Randell and Caitlin Jones (a father-daughter team based in Winston-Salem not related to the author) made the selection for H.G. Jones, who was born in the Kill Quick community of Caswell County, N.C., in 1924. A noted historian, Jones served first as the state archivist for the N.C. Department of Archives and History and subsequently as curator of the North Carolina Collection at the University of North Carolina.
For someone like myself, who has been writing a regional history column for only four years, the editors’ summary of the time Jones put into these columns (for which he “was offered no compensation”) is daunting: “With an average of 6 hours research for each of 884 articles, he donated over 2.5 years of 40 hour workweeks (5,300 hours) and wrote a half-million words that filled 17,680 column-inches of newspaper, enough to fill 134 newspapers without advertisements. During those 17 years he never missed a Wednesday deadline.”
The topics in this collection span 400 years of North Carolina history, describing events that took place on the coast, in the piedmont, and in the mountains. Since the author grew up in and worked in the central portion of the state, it’s natural that most of the essays are about that region. But more than a few are concerned with Western North Carolina.
Several of the tales related were already familiar. There’s the one about Frankie Silver, “The only woman ever hanged in Burke County.” And there’s the almost obligatory recounting of the adventures of Lewis Redmond, perhaps WNC’s most famous blockader and outlaw.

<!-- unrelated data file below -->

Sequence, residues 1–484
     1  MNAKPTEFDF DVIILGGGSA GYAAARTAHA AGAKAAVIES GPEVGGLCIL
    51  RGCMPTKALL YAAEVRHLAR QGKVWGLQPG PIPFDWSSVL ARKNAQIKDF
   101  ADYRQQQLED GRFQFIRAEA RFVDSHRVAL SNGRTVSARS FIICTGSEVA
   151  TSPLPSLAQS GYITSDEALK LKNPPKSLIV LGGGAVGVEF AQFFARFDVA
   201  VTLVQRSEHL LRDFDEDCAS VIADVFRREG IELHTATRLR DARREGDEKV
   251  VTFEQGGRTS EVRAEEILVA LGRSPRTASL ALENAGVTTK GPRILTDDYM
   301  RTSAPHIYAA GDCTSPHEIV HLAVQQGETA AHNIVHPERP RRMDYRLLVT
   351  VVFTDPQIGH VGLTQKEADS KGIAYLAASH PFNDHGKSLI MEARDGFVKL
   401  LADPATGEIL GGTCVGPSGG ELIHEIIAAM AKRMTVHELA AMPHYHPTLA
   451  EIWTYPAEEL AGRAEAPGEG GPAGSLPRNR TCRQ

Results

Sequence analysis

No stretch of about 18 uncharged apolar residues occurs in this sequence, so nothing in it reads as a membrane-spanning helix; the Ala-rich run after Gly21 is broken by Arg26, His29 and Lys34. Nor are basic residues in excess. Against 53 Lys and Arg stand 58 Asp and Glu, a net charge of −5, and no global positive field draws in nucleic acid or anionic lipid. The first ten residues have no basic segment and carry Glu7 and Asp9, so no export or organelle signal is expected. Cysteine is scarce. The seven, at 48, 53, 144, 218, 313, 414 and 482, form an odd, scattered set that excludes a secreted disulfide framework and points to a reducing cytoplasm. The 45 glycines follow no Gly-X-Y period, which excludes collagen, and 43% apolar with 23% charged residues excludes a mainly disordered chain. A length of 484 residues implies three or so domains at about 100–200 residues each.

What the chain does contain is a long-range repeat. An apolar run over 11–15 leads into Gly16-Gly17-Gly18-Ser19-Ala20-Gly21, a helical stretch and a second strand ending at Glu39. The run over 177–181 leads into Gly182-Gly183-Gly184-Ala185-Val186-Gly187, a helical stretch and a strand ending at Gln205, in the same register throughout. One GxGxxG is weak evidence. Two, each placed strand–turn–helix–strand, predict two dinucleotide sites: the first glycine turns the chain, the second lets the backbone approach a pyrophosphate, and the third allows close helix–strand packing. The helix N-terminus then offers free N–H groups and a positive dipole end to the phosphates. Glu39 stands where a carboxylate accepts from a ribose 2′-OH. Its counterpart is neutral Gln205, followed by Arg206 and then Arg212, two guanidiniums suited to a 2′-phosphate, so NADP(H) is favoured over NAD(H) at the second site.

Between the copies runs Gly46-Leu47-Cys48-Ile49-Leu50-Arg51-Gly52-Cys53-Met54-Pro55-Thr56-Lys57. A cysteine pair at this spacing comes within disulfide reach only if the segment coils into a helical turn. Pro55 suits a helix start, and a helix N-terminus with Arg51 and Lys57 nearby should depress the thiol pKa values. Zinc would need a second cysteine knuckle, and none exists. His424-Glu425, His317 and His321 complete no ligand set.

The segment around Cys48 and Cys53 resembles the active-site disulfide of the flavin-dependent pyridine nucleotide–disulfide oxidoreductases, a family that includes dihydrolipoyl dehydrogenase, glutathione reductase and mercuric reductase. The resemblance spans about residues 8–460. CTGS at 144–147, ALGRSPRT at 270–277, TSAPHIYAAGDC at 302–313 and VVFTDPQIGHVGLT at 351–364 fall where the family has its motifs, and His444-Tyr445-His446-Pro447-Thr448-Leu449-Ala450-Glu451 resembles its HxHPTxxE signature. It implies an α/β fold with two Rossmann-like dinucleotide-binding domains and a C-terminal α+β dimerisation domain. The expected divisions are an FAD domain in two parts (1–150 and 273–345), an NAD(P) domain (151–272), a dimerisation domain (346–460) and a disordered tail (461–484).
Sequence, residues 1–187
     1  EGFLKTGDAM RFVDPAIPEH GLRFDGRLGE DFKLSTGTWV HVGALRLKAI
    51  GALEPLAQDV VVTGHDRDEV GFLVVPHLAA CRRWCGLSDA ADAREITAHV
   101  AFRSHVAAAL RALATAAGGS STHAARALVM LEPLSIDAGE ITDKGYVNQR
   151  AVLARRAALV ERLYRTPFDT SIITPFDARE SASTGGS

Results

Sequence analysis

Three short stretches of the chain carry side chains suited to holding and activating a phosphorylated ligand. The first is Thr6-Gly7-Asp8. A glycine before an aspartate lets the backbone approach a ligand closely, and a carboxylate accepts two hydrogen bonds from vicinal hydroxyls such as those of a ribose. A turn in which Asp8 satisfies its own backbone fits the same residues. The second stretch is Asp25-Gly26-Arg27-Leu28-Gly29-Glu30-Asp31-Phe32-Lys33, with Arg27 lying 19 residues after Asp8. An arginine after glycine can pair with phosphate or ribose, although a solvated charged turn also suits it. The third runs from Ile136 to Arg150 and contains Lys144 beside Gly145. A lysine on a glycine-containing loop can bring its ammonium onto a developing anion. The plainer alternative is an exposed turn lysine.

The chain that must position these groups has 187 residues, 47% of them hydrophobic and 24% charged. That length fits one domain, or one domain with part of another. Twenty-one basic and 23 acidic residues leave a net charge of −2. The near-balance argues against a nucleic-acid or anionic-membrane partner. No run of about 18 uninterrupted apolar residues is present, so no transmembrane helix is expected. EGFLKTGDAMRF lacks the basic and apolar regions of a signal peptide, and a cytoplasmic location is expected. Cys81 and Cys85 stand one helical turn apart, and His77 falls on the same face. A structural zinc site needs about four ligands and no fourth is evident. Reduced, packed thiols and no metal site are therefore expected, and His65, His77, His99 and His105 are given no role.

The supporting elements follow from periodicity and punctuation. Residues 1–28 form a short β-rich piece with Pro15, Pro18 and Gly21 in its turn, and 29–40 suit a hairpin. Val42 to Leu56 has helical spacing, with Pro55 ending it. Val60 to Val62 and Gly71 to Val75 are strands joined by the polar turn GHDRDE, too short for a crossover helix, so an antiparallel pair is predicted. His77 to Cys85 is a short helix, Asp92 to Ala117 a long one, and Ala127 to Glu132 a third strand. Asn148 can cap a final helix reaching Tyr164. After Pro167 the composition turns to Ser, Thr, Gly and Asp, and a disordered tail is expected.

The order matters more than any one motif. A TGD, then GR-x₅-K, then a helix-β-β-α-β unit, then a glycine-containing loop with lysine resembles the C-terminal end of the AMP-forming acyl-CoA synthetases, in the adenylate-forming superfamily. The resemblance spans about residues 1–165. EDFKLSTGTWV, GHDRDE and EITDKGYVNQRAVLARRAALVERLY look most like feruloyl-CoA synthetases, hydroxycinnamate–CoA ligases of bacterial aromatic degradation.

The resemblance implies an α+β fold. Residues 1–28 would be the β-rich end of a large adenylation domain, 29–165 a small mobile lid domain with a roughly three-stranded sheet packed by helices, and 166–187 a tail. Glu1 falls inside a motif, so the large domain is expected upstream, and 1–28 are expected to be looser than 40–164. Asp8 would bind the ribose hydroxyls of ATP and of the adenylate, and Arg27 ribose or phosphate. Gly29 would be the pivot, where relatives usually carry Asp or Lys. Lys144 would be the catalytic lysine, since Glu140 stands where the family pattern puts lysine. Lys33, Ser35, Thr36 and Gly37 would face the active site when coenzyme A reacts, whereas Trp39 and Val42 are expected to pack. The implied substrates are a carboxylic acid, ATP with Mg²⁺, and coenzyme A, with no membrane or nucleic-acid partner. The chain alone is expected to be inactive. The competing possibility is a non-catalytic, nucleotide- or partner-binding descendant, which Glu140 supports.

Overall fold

But other stories were unfamiliar. From my point of view, one of these was particularly interesting. It was published under the heading “Quaint Notebook Describes North Carolina Deaths.” Therein, Jones described a notebook (“the book of deaths”) kept by Jacob (“Uncle Jake”) Carpenter of Avery County from 1841 to 1915. In his own idiomatic fashion, Carpenter recorded the facts concerning each death in his community as well as his personal observations, which were “sometimes favorable to the deceased, sometimes not.”
According to Jones, in 1848 it was recorded that, “Ben Blalock, age 40 was ‘cild June 5 by tree cot far conny.’ Translated, that meant that Ben ran the wrong way when he chopped down a tree to get at a coon.”
In 1852, Old Charlie Kiney died at the age of 72, leaving behind “four ‘wimin’ and 42 children, all of whom went to preaching together and got along ’smoth.’”
“Young Joseph Carpenter was killed in 1862,” Jones noted. “What more poetic tribute could there be to a young soldier than this: ‘hey fot for his countery los his lif.’”
That’s the nitty-gritty of everyday life. I recommend this collection to you.
Editor’s note: This column was first published in The Smoky Mountain News in July 2005. George Ellison will respond to a letter in last week’s Smoky Mountain News by Gwen Franks Breese in a coming edition of The Smoky Mountain News.